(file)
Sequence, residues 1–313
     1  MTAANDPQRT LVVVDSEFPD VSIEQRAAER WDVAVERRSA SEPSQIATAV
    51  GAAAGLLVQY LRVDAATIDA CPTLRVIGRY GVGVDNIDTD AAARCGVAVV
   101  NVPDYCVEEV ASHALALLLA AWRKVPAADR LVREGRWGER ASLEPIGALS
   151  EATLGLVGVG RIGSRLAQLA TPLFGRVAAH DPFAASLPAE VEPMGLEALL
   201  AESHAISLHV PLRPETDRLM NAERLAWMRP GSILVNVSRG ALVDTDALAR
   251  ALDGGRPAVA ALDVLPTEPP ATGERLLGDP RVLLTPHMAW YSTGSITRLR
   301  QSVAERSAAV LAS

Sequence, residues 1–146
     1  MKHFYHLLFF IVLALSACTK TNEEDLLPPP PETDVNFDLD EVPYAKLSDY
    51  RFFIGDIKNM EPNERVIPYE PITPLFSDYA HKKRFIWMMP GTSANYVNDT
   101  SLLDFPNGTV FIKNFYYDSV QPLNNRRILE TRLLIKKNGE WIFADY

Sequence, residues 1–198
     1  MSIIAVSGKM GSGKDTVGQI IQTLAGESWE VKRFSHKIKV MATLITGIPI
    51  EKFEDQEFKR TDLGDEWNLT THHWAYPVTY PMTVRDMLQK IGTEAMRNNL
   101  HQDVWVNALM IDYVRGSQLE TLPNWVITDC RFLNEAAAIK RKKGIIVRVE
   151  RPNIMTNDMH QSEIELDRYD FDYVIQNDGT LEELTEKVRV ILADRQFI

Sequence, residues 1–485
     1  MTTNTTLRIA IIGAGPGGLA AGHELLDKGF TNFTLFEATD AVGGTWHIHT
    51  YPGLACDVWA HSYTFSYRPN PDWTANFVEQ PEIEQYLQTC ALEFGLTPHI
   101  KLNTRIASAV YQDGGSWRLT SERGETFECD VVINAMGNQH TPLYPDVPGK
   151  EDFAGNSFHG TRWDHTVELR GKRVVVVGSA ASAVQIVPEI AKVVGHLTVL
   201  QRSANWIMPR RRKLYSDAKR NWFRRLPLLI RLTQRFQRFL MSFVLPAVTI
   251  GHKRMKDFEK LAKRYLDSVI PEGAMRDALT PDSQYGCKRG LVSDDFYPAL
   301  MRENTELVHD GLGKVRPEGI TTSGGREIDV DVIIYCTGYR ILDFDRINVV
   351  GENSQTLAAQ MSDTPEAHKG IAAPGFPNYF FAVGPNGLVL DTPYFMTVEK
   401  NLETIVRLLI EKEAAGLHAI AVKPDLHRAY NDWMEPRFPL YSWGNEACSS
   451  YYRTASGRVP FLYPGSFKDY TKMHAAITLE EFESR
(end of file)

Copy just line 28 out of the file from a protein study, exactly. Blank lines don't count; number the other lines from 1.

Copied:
   451  YYRTASGRVP FLYPGSFKDY TKMHAAITLE EFESR